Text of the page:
Nesting, Subsidiarity, and Community-based environmental Governance beyond the Local Scale
Institute for Rural Futures; University of New England, Australia
Community-based approaches to environmental management have become widely adopted over the last two decades. From their origins in grassroots frustrations with governmental inabilities to solve local environmental problems, these approaches are now sponsored frequently by governments as a way of dealing with such problems at much higher spatial levels. However, this 'up-scaling' of community-based approaches has run well ahead of knowledge about how they might work. This article explores how Elinor Ostrom's 'nesting principle' for robust common property governance of large-scale common-pool resources might inform future up-scaling efforts. In particular, I consider how the design of nested governance systems for large-scale environmental problems might be guided by the principle of subsidiarity. The challenges of applying this principle are illustrated by Australia's experience in up-scaling community-based natural resource management from local groups comprising 20-30 members to regional bodies representing hundreds of thousands of people. Seven lessons are distilled for fostering community-based environmental governance as a multi-level system of nested enterprises.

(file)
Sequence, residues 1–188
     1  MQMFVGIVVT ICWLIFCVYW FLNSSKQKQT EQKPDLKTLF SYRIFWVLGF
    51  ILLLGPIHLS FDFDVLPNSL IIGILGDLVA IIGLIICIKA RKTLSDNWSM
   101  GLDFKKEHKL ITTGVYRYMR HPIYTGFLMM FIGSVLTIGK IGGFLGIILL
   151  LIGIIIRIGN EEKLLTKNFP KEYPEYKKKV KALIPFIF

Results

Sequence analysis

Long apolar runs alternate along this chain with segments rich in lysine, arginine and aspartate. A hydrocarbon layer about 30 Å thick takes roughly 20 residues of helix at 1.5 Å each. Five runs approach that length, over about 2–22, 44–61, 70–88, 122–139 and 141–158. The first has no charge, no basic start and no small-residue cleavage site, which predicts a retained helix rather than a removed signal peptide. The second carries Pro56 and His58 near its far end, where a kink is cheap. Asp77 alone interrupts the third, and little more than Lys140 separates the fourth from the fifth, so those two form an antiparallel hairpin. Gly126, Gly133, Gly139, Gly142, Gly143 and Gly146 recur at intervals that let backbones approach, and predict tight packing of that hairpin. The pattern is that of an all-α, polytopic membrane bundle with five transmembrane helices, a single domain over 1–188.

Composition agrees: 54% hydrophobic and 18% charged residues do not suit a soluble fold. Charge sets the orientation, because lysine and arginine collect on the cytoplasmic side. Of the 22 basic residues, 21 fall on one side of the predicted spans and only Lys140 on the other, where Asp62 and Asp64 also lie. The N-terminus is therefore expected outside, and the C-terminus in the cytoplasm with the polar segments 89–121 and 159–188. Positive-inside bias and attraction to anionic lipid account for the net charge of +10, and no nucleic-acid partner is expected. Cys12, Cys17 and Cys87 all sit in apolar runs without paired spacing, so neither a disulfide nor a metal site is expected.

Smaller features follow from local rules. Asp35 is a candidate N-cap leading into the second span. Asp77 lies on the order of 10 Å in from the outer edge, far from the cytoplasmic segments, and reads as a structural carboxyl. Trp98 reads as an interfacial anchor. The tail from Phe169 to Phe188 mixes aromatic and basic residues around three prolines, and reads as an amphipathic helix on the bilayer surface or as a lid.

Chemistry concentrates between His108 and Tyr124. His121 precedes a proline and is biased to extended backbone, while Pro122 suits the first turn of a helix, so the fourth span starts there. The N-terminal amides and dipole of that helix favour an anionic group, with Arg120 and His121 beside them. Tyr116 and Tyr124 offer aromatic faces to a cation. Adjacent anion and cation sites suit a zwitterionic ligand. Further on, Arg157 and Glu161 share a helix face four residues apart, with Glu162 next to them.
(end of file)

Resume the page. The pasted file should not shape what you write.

How to Cite:
Marshall, G. (2007). Nesting, Subsidiarity, and Community-based environmental Governance beyond the Local Scale. International Journal of the Commons, 2(1), 75–97. DOI: http://doi.org/10.18352/ijc.50
13 Nov 2007.